Architects, planners, and policymakers all gathered for a June 20th dinner at the Architectural League of New York, where they conferred this year’s President’s Medal on Christiana Figueres, former Executive Secretary of the United Nations Framework Convention on Climate Change (UNFCCC). The President’s Medal is the League’s highest honor and was awarded to Figueres for her role in negotiating the 2015 Paris Agreement; the multi-country accord created voluntary emission limits that were designed to keep global temperature rise under two degrees Celsius above pre-industrial levels. Medal recipients are selected by the League’s President and Board of Directors and recognize those who have had an outsized impact in art, architecture, the environment, urbanism, and design. Ecologist and Manahatta author Eric Sanderson, landscape architect and educator Kate Orff, architect Anna Dyson, Architectural League Executive Director Rosalie Genevro, and League President Billie Tsien were on hand to laud Figueres. “As architects, designers, and builders,” said Tsien as she presented Figueres with the award, “we honor her for offering us a model of action based on moral commitment and hope, and for demonstrating how to act with urgency and boldness to take on the encompassing challenge of our era, and in doing so, to imagine the possibility of a better world.” All of the speakers touched on Figueres’ role in bridging environmental concerns with the built environment, and the League’s role in advocating around climate issues. “Moreover, it’s an incredible moment for the League,” said Kate Orff, “a treasured cultural organization that over the years has laureled artists, architects, planners, and patrons of the city, to pivot to a broader context and honor a champion of the planet itself.” Figueres herself echoed the same sentiment in her acceptance speech. “I happen to think that urban spaces are where the new relationship between nature and society will germinate and thrive. And I also happen to think that this is where a lot of […] societal healing is going to take place.” After stepping down from her UNFCCC role in the summer of 2016, Figueres now works as the Vice-Chair of the Global Covenant of Mayors for Climate and Energy, a coalition of cities and local governments that are combatting climate change through local action. Figueres is also the convener of Mission2020, an initiative to drastically reduce worldwide CO2 emissions, and long-term climate damage, by 2020.
Obama Presidential Center breezes through planning and zoning hurdles, but continues to kindle community concern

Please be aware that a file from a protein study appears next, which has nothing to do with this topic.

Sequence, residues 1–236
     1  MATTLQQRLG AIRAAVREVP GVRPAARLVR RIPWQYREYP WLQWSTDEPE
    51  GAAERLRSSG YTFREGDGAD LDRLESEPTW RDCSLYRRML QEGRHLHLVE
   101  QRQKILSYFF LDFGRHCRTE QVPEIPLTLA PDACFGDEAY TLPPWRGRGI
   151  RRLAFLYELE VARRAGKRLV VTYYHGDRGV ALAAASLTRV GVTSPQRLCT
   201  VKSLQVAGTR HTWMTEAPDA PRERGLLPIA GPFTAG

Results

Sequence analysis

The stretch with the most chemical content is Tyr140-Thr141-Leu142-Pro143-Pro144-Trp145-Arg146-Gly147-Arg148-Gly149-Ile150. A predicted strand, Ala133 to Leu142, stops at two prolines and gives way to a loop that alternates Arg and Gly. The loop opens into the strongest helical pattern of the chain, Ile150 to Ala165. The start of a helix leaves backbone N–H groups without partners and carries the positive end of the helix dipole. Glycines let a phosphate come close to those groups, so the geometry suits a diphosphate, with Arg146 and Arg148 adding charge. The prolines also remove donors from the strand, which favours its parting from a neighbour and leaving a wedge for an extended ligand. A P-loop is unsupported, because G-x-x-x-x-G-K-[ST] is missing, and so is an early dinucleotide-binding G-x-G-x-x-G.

The Obama Presidential Center (OPC) passed two substantial hurdles this month as the Chicago Planning Commission and Zoning Committees both voted in overwhelming support of the development. Amidst a seven-hour hearing of public comment coming from a variety of Chicago voices, broad strokes of the plan were given a “yay” vote from 15 of the 22 planning commission members on May 17. The Chicago City Council signed off on the $500 million project on May 22, passing various zoning approvals. The stage is now set for the construction of a 235-foot-tall building with cultural exhibit and office space, two additional cultural buildings, and an athletic and community center. The Planning Commission vote also includes a 450-car underground parking garage and clears the way for the Obama Foundation (OF) to close public right-of-ways. While these votes were expected to breeze through both the Planning Commission and Zoning Committees, departments within the City of Chicago had already created conditions that allow obstacles to be easily bypassed, from the rerouting and closing of streets to downplaying the effects the OPC will have on historical aspects of Jackson Park. While the agenda divided the vote into multiple components, all of the items were treated as one. Public comment during the May 17th Planning Commission meeting included statements from the Chicago History Museum, Preservation Chicago, Jackson Park Watch, The Woodlawn Organization, Chicago aldermen and tenured Chicago activists. The commission did not address the federal lawsuit filed on May 14 by Protect our Parks, Inc. that accused the Obama Foundation of an “institutional bait and switch,” claiming that the original purpose of the transfer of public park land to the OF, a non-government entity, was to house the official Obama Federal Library, to be administered by the U.S. National Records and Archives Administration. As the OPF will not house Barack Obama’s official documents, the suit claims, transfer of park land to a private entity violates the park district code. The Planning Commission also failed to address a community benefits agreement proposed by the Obama Library South Side Community Benefits Agreement Coalition (CBA), a group of organizations that includes the Kenwood Oakland Community Organization, Black Youth Project 100, and Friends of the Parks. Under the ordinance proposed by the CBA, the OPC, the University of Chicago, and the city would make targeted investments within a five-mile radius, including economic development, education, employment, housing, sustainability and transportation. At a community meeting held at McCormick Place last February, Barack Obama coolly responded to the call for a CBA: "The concern I have with community benefits agreements, in this situation, is it's not inclusive enough," Obama remarked. "I would then be siding with who? What particular organizations would end up speaking for everybody in that community?” Also present at the Planning Commission meeting were OPC architects Todd Williams and Billie Tsien, who are in the process of selecting materials for each of the structures that complement neighboring buildings like the Museum of Science and Industry and the Reva and David Logan Center for the Arts, a building of their own design on the campus of the University of Chicago. While neither Tsien nor Williams spoke during the hearing, Williams implied during a public meeting in February that the integrity of Jackson Park has already been compromised over time. Designed by Fredrick Law Olmsted and Calvert Vaux, Jackson Park was the site of the 1893 World’s Columbian Exposition and is one of Chicago’s most valuable and significant pieces of public land. An archaeological evaluation performed as a part of the project’s federal compliance uncovered artifacts and ephemera from the World’s Columbian Exposition, as well as architectural materials relating to the fair’s buildings, many of which set the course for how Chicago would look going into the 20th century. Despite the importance of these findings for Chicago, both the Illinois State Archaeological Survey and the chief archaeologist for the Illinois Department of Transportation have determined the presence of these artifacts to be insignificant. It is expected that a federal review of above-ground resources will reach a similar conclusion-that the OPC project will not have an adverse effect on the historic landscape of Jackson Park or the surrounding historic districts and buildings. At the center of the opposition is a $175 million-dollar plan to overhaul and close multiple roads within and around Jackson Park, a critical component to the Tiger Woods-designed PGA golf course slated to open in 2020, a year behind the OPC. The golf course would combine the existing Jackson Park and South Shore courses and fragment the South Shore Nature Sanctuary in favor of unobstructed views of the Chicago skyline for golfers. While the OF has not stated they are in support of the golf course proposal, many board members of the Chicago Parks Golf Alliance, an organization in support of the plan, have ties with the Obama Foundation or Barack Obama himself.